AMN Reviews: Michel Edelin Quintet – Echoes of Henry Cow (2019; Rogue Art)

If you are expecting covers or a recreation of Henry Cow on this album, you will be disappointed. French jazz flautist Michel Edelin, who shared a bill with Cow over 40 years ago and walked away impressed, joined with new and long-time collaborators to produce the aptly titled Echoes of Henry Cow. This is a reimagining of sorts – not a direct tribute to the band, but a reflection of the influence of Cow on Edelin’s own writing and playing. As a consequence, you could listen to much of Echoes of Henry Cow without realizing that it is based in any way on the band’s music. That is, until you hear a hauntingly familiar refrain or theme that might give it away. Gone is the crushing avant-rock with its dense compositions and free-formed improv that remains influential to this day. In its place is a more relaxed yet technical challenging exercise in modern creative jazz.

In addition to Edelin, Sophia Domancich plays piano and Fender Rhodes, Sylvain Kassap is on clarinets, Stéphane Kerecki provides double bass, and Simon Goubert plays drums. Original Cow member John Greaves contributed spoken-word versions of the Chris Cutler texts that accompany the group’s song-oriented pieces. To that point, nothing from Cow’s debut Legend is present, and only one track appears from each of their second and final releases, Unrest and Western Culture, respectively.  The vast majority of Edelin’s echoes are based on In Praise of Learning, Cow’s vocally-oriented album. As such, Greaves voices Cutler’s politically-motivated poetry with an appropriate sense of irony.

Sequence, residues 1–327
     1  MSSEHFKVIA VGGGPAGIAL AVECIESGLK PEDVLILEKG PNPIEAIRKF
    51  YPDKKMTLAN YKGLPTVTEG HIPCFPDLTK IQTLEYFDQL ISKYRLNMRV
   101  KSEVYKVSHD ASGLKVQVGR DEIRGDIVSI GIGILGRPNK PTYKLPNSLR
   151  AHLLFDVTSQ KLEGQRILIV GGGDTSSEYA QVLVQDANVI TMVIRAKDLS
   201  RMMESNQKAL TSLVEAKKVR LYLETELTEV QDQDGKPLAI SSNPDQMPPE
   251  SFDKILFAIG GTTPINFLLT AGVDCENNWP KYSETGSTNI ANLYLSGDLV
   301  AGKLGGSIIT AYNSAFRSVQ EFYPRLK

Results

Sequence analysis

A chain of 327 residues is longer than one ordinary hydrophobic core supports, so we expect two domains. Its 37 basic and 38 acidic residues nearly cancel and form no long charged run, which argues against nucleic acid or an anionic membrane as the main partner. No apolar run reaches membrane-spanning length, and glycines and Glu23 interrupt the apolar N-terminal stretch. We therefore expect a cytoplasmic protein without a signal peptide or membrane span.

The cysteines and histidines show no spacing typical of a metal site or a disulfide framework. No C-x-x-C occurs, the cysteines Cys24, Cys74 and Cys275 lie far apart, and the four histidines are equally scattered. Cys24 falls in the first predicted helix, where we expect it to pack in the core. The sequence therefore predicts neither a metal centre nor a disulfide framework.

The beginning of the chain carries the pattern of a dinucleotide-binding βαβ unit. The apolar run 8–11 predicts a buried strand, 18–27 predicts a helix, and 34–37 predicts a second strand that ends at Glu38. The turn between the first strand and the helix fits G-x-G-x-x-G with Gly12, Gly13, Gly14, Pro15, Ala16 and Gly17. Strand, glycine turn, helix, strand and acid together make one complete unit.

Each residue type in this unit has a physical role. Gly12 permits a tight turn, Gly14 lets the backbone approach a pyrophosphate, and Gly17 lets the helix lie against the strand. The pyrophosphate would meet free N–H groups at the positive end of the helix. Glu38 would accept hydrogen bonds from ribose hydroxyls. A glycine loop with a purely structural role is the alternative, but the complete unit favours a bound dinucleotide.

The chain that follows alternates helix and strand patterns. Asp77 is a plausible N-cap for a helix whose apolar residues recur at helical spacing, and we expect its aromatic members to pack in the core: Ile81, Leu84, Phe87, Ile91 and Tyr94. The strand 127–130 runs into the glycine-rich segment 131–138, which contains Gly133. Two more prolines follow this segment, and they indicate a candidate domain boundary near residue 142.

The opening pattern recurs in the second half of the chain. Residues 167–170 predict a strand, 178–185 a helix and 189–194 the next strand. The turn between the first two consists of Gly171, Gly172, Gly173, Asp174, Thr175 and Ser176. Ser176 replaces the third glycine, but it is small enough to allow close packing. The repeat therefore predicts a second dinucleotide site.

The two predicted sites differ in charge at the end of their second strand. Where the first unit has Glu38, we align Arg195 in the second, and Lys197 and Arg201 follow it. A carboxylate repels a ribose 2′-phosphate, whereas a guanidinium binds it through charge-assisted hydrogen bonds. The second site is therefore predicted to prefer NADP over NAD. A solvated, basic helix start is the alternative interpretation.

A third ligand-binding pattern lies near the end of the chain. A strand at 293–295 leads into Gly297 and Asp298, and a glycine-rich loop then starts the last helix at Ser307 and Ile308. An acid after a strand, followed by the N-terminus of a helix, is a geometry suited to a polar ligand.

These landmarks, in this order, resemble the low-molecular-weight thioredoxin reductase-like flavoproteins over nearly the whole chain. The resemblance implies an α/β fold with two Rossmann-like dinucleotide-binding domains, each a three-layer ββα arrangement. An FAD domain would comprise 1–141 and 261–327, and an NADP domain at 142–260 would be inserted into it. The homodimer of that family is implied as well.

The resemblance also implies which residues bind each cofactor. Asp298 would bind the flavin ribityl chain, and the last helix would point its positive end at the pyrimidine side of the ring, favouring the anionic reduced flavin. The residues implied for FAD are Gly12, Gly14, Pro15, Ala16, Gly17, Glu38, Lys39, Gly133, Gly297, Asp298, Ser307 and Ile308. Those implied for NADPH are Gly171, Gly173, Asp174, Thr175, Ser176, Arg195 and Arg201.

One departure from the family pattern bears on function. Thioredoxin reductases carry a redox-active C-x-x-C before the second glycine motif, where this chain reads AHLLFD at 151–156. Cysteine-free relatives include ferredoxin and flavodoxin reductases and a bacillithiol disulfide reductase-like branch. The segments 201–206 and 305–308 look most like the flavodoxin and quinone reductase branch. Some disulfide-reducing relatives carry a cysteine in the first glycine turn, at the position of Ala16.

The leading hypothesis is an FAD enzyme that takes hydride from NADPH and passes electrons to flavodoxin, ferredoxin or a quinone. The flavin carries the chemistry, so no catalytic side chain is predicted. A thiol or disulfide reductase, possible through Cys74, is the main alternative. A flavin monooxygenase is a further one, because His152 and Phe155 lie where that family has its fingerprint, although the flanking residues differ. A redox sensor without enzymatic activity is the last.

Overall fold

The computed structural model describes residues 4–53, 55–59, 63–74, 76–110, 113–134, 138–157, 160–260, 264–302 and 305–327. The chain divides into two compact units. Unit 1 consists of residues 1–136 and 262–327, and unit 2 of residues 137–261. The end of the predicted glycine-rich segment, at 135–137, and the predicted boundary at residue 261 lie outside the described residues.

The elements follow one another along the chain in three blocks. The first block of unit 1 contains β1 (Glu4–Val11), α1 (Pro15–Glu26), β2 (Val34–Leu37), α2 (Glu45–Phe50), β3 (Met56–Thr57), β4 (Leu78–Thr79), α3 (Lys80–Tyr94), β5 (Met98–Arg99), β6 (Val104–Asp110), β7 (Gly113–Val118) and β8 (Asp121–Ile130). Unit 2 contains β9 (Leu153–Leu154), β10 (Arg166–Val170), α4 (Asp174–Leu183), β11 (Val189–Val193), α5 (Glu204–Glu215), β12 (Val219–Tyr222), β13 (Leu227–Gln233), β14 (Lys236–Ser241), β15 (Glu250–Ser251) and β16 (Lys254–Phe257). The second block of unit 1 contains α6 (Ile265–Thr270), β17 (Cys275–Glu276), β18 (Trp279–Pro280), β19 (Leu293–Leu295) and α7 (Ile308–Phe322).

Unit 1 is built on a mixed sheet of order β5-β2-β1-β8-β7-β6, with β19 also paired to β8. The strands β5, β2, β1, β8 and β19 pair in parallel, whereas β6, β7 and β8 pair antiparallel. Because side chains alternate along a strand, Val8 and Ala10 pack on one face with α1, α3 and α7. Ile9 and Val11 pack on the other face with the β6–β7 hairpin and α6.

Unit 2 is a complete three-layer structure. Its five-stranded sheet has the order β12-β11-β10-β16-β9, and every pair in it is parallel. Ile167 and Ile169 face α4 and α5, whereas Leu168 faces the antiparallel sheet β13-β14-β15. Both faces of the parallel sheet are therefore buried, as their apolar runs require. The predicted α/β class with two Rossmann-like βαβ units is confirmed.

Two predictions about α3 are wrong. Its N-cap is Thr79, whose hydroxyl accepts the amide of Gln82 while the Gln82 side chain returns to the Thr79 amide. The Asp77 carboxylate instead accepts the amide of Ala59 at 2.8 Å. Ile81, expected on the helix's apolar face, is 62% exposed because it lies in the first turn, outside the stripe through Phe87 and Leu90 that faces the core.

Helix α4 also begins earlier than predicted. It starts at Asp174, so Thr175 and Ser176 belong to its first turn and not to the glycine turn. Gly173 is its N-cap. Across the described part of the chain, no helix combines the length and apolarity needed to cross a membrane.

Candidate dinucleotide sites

At the end of the day, the listener has a binary decision to make – one either acquires an album or one does not. As a long-time fan of Cow, this determination was easy for me. But it took nearly six months for me to finally realize and fully appreciate the beauty and appropriateness of Edelin’s approach. Not unlike the music of Cow itself, Edelin’s echoes takes a stubbornly indpendent path. This album is not what you might initially assume that the title suggests, but after enough listens you’ll find that it is named in a fitting manner. Not to mention offering a compelling set of tunes that are suitably angular and unpredictable.